[OPE-L:5712] Real under attack

Thu, 13 Nov 1997 16:45:47 -0500 (EST)

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In response to Alfredo's "Real under attack" post:

After some comments on the ongoing financial turmoil affecting Brazil and
Argentina, and the likelihood of an austerity program biased in favor of
the rich, Alfredo outlines some ideas for a better policy mix:

>In this sense, if the left wants an electorally viable economic programme, I
>think it should include:
>a) industrial policy, credit lines for sectoral development, etc,

This seems like a promising idea, especially in view of the historical
success the Japanese and South Koreans have had with guided investment. How
would the recipients of the credit lines be chosen, and how could the
process be insulated from the political power of the wealthy?

>b) reduction in interest rates and faster devaluation of the currency,

I find this the least compelling suggestion, since it seems to promise a
renewal of uncontrolled inflation, which I think would be very unpopular,
and, as a purely monetary effect, to have little impact on the growth rate
or the distribution of income.

>c) increase in taxation, especially of capital gains and large landholdings,

The main problem here would be capital flight, I suppose.

>d) massive investment in education and health (this is cheap stuff, we all
>know that; it's a matter of political will),

Brazil is and will continue to be under very heavy pressure to reduce its
government deficit. If new tax revenues can't be found, will there be
financing for a big expansion of health and education services? Is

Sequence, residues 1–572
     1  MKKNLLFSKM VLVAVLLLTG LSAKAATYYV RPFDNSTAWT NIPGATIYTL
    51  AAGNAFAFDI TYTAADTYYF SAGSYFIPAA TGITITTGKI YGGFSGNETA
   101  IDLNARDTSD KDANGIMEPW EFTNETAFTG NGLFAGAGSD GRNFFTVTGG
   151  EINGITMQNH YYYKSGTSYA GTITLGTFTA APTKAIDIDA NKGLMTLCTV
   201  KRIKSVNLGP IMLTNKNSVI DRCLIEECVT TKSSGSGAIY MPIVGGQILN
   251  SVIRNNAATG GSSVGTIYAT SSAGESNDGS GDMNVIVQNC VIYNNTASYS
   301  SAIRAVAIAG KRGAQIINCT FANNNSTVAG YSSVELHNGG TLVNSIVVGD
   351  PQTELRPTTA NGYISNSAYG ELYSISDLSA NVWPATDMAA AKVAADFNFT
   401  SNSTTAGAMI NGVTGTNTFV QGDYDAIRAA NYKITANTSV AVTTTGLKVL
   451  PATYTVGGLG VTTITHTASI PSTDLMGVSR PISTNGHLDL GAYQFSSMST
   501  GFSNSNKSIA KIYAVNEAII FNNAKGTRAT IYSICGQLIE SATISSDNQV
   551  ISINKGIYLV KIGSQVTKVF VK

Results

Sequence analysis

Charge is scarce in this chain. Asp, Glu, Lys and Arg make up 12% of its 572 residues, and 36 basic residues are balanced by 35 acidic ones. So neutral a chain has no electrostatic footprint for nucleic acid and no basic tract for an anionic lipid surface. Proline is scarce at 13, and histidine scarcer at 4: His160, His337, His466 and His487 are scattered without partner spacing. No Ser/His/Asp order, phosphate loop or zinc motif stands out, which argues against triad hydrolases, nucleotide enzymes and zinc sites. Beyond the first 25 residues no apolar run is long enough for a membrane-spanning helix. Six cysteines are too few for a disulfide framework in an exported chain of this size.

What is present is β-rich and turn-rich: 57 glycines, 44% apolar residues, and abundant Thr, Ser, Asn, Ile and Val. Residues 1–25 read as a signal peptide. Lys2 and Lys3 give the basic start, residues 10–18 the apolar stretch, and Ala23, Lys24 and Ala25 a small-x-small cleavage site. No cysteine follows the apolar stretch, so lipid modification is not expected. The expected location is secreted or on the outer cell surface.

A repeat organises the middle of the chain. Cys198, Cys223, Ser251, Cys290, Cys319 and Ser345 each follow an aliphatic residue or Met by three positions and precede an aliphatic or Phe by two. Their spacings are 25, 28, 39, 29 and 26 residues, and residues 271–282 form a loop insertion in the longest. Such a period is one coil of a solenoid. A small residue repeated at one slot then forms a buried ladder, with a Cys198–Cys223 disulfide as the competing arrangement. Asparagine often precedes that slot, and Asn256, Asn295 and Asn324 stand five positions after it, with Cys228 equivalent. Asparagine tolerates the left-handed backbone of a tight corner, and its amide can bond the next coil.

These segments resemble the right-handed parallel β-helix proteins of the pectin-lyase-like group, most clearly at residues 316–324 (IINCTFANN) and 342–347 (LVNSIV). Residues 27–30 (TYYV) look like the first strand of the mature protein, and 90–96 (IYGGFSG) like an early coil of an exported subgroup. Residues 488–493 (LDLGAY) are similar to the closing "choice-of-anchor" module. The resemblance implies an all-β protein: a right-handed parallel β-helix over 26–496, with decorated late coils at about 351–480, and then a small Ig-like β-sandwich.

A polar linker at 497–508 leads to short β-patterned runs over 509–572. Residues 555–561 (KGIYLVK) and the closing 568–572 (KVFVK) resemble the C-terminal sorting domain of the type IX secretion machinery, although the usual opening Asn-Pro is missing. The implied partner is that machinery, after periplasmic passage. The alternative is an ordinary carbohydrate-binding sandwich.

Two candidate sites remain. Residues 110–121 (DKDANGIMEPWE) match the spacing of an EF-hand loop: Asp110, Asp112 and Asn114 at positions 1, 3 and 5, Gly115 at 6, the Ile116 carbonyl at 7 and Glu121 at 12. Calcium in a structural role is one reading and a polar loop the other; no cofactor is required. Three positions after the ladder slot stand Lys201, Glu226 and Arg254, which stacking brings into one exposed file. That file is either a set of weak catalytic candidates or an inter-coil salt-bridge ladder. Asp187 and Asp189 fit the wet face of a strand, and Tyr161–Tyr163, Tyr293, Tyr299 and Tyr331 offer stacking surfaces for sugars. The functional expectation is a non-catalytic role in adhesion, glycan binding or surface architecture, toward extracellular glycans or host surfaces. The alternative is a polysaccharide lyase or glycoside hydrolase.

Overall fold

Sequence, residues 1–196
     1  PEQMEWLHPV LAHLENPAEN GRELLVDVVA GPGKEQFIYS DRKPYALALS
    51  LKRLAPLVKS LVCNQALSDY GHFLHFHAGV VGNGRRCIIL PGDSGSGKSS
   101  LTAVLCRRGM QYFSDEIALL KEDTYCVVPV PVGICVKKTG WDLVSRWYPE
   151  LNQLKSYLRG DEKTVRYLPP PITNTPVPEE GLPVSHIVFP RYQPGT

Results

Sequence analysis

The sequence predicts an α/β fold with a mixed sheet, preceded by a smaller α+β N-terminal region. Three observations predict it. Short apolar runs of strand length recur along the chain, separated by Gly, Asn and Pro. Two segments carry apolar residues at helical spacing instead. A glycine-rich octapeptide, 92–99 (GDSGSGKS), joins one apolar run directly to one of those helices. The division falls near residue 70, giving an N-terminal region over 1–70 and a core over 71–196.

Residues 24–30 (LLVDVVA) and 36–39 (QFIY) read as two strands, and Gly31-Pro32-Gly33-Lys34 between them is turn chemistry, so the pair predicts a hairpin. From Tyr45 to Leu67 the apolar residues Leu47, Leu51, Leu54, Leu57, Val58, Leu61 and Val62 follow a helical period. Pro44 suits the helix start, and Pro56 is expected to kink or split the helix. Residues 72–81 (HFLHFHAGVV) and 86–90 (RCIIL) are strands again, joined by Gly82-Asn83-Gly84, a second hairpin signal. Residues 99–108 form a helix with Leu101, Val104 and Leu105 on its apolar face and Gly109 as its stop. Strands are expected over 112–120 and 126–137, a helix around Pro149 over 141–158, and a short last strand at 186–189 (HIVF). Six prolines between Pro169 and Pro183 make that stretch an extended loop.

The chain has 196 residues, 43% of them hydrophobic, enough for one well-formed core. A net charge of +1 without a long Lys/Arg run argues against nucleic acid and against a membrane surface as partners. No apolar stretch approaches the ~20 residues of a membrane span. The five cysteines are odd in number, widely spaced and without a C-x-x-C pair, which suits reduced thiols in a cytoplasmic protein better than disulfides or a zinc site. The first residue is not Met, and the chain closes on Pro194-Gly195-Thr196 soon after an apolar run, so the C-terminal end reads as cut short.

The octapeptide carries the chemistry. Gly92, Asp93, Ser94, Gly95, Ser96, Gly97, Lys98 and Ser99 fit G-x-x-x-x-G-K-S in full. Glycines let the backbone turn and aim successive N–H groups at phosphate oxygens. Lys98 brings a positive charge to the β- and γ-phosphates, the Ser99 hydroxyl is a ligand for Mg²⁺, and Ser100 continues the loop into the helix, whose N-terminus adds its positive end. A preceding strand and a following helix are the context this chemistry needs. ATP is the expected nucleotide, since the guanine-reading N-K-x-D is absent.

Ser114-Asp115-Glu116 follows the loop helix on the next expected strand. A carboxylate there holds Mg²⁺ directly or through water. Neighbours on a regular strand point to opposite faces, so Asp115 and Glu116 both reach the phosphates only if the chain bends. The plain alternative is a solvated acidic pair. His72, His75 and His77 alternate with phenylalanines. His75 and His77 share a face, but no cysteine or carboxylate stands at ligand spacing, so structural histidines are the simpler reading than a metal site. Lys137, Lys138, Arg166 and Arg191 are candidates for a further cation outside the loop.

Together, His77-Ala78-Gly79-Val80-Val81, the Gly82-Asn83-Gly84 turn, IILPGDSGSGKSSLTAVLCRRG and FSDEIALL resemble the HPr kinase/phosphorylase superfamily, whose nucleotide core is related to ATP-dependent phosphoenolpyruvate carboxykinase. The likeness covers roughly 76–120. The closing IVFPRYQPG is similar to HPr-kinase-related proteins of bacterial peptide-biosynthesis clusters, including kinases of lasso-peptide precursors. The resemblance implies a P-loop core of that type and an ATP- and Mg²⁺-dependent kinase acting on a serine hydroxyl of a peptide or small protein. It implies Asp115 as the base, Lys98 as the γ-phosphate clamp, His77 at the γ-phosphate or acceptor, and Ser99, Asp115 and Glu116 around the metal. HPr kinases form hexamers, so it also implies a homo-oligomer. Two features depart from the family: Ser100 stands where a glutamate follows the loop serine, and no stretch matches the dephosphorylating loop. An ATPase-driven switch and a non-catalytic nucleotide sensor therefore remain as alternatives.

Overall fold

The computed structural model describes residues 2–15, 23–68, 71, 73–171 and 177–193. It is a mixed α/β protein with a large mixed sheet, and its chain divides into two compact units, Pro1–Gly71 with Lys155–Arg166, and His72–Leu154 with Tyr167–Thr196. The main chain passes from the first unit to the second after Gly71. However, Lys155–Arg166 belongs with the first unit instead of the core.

centralized funding of education and health through the Federal budget the
best way to build long-term provision of these services in Brazil?

>e) firm, sustained, and pre-announced increases in the minimum wage, to
>it from around US$80/month to much higher levels within 4-5 years (this has
>to be done before the next round of executive elections),

I presume this measure is intended to improve the distribution of income.
Are there any studies on the impact of minimum wages on unemployment in the
Brazilian economy?

>f) suspension of additional trade and financial liberalisation, to preserve
>the necessary tools for economic policy,

Would this lead to a drift back to the import substitution policies that
preceded liberalization? Weren't there some severe contradictions
developing in those policies? How could these contradictions be addressed?

>g) suspension of the privatisation programme, at least until a regulatory
>framework has been legislated, in order to prevent the transformation of
>state-owned monopolies into private ones.

This policy is closely linked to the previous one in several ways. The
theory of privatization is that trade liberalization will introduce strong
international competitive forces to prevent the exercise of monopoly
pricing power. What's the record on the performance of state monopolies in
Brazil? Have they acted effectively to prevent the concentration of wealth
in the past?


Duncan K. Foley
Department of Economics
Barnard College
New York, NY 10027
fax: (212)-854-8947
e-mail: dkf2@columbia.edu